New York City has traditionally been considered the premier mecca for street artists around the world. “It’s hard to imagine what New Yorkers experienced in the early seventies, as they watched their city become steadily tattooed with hieroglyphics,” wrote Dimitri and Gregor Ehrlich New York magazine.
“Some saw it as vandalism and a symbol of urban decay. But for the writers who risked life, limb, and arrest, and the teenagers, filmmakers, and, eventually, curators who admired them, graffiti was an art form.”
But in the wake of the global financial crisis and subsequent Great Recession, Greece has emerged as a new hub for powerful, subversive street art.
“People in Greece are under increasing pressure,” iNO, a graffiti artist “who aims to draw attention to the social situation in this crisis-hit country,” told the New York Times in April. “They feel the need to act, resist and express themselves.”
Getty Images photographer Milos Bicanski has been documenting the recent surge in street art, an graffiti renaissance “both politically aware and socially accepted.”
Twilight bathes the sanctuary of Athena Pronaia at Delphi.
Pilgrims in ancient Greece may have offered sacrifices here before consulting the oracle of Delphi.
Image Credit: Best Photograph by VINCENT J.
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Priestess of Delphi by John Collier.
For ancient Greeks, Delphi was the center of the world: a site sacred to the god Apollo, where all Greeks united to worship. But at its heart was a dark, strange place: the mysterious sanctuary where the priestess of Apollo prophesied.
The priestess, called the Pythia, sat above a chasm in the earth, which belched forth fumes.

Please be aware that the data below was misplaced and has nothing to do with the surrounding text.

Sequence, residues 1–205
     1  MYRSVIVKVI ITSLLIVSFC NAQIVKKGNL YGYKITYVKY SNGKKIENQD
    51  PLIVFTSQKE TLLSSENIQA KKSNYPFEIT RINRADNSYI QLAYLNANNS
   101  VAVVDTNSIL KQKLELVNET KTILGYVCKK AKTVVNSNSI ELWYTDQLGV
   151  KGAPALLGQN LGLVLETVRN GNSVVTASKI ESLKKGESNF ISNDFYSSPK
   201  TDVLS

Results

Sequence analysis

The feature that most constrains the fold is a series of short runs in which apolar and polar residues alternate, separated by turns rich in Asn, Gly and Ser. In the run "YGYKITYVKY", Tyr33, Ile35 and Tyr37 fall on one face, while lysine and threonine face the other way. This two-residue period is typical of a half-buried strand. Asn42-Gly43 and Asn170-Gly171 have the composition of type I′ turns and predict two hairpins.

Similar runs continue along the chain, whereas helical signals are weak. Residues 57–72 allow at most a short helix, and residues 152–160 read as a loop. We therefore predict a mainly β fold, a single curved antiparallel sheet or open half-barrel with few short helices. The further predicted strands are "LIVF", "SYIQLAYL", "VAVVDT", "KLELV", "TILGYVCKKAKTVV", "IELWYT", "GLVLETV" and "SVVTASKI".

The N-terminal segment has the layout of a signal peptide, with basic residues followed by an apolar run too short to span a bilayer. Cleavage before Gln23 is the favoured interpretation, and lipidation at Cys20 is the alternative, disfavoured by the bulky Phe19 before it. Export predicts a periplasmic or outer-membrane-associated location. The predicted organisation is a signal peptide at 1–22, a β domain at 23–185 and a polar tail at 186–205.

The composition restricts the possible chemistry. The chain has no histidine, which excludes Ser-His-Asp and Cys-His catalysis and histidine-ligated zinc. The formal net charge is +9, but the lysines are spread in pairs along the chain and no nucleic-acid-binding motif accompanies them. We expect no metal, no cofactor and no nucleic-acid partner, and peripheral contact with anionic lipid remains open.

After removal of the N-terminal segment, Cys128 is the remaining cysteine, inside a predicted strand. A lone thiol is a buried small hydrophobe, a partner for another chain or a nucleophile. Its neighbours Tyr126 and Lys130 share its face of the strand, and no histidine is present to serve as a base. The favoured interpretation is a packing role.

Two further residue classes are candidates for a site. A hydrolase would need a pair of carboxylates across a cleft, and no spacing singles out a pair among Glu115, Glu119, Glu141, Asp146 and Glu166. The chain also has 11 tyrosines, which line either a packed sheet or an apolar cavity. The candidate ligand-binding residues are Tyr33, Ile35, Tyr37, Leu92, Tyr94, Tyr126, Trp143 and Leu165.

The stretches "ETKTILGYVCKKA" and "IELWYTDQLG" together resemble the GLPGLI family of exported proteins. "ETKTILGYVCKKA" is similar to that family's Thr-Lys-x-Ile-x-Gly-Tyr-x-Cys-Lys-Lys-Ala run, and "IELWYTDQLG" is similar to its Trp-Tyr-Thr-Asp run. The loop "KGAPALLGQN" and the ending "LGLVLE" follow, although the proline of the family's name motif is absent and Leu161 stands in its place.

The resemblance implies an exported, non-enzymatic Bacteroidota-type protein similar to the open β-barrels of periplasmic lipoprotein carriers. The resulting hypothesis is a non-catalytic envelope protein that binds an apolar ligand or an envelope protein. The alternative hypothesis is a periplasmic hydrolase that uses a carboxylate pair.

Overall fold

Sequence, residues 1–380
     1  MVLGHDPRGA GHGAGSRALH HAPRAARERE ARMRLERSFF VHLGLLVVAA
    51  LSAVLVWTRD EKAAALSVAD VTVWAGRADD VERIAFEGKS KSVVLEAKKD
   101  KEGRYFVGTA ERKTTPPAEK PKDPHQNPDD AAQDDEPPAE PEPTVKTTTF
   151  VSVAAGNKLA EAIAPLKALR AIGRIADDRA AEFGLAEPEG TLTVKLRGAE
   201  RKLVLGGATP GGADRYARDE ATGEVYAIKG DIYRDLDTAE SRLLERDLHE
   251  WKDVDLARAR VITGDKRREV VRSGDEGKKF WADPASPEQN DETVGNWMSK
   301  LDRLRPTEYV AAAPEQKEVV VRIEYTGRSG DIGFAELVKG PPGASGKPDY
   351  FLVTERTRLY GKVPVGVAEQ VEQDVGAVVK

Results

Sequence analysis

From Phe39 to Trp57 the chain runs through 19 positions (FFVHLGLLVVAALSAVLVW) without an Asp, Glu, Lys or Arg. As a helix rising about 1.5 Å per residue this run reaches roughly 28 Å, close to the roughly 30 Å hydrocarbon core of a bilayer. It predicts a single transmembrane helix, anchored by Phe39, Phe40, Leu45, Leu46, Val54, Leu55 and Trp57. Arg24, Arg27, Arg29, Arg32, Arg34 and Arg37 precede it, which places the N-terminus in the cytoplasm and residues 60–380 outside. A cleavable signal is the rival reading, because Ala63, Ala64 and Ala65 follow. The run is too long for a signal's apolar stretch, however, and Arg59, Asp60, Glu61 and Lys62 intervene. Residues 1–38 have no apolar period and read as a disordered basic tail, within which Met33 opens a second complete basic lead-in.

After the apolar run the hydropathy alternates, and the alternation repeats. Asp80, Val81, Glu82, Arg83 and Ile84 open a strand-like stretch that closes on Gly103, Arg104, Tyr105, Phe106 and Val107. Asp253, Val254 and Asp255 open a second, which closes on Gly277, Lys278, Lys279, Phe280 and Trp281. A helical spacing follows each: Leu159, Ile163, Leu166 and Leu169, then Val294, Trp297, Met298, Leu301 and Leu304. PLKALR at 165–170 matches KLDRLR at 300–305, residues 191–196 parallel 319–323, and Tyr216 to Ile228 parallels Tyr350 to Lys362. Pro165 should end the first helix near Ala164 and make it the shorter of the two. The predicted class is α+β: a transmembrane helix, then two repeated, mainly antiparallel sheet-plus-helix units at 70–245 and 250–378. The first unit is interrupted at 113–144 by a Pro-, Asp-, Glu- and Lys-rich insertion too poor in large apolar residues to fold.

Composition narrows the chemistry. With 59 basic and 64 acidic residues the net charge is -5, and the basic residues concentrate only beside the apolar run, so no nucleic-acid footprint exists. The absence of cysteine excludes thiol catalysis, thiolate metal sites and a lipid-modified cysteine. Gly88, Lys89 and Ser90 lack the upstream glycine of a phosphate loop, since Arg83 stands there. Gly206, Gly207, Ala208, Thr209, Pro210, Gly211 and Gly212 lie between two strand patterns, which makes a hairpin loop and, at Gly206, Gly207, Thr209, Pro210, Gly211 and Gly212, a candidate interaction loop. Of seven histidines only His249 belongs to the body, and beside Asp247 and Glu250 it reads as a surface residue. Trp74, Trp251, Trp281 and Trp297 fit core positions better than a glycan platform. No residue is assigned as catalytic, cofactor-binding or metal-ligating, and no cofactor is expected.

She breathed deeply – some believe that the fumes possessed hallucinogenic properties – and slipped into semi-consciousness.
Her prophecies were opaque, often frantic. This was the Oracle of Delphi: the Greeks’ most famous and most feared window into the will of the gods.
It lay in “a cavern hollowed down in the depths” of the hillside, as the historian Strabo reported, underneath the great Temple of Apollo.
Today, the ruins of the Temple sit on the slopes of Mount Parnassus.
It was destroyed by the Emperor Theodosius I, in 390 CE, in an attempt to eradicate the old pagan beliefs.
Few traces of the Oracle remain, but the site is still an eerie one: mist clings to the hills, and you can almost hear the ghosts of Croesus, Nero, and Alexander.
The sun rises behind a bank of clouds on the Greek island of Sifnos in October, 2018.
Sifnos is an island municipality in the Cyclades island group in Greece.
The main town, near the center, known as Apollonia, is home of the island’s folklore museum and library.
The town’s name is thought to come from an ancient temple of Apollo on the site of the church of Panayia Yeraniofora.
Image Credit: Photograph by Louisa Gouliamaki / AFP / Getty
Of all the inventors on this list, this guy may be the one who most deserved to die at the hand of his own invention.
Perillos was a bronze worker who designed a device called the Brazen Bull to be used to painfully execute criminals.
The Brazen Bull was a hollow bull. Prisoners were locked inside and roasted to death by a fire underneath.
The device was even designed to channel the screams of the burning prisoner out of its nose to sound like a bull. Perillos pitched his invention to Phalaris, a tyrant lord of Acragas in Sicily.
After Perillos showed Phalaris the bull, the inventor was put inside and a fire was lit underneath him.
History isn’t clear about if Perillos was pulled out before dying, only to be thrown off a cliff by Phalaris’ men, or if he expired within the bull. Either way, the bull did him in.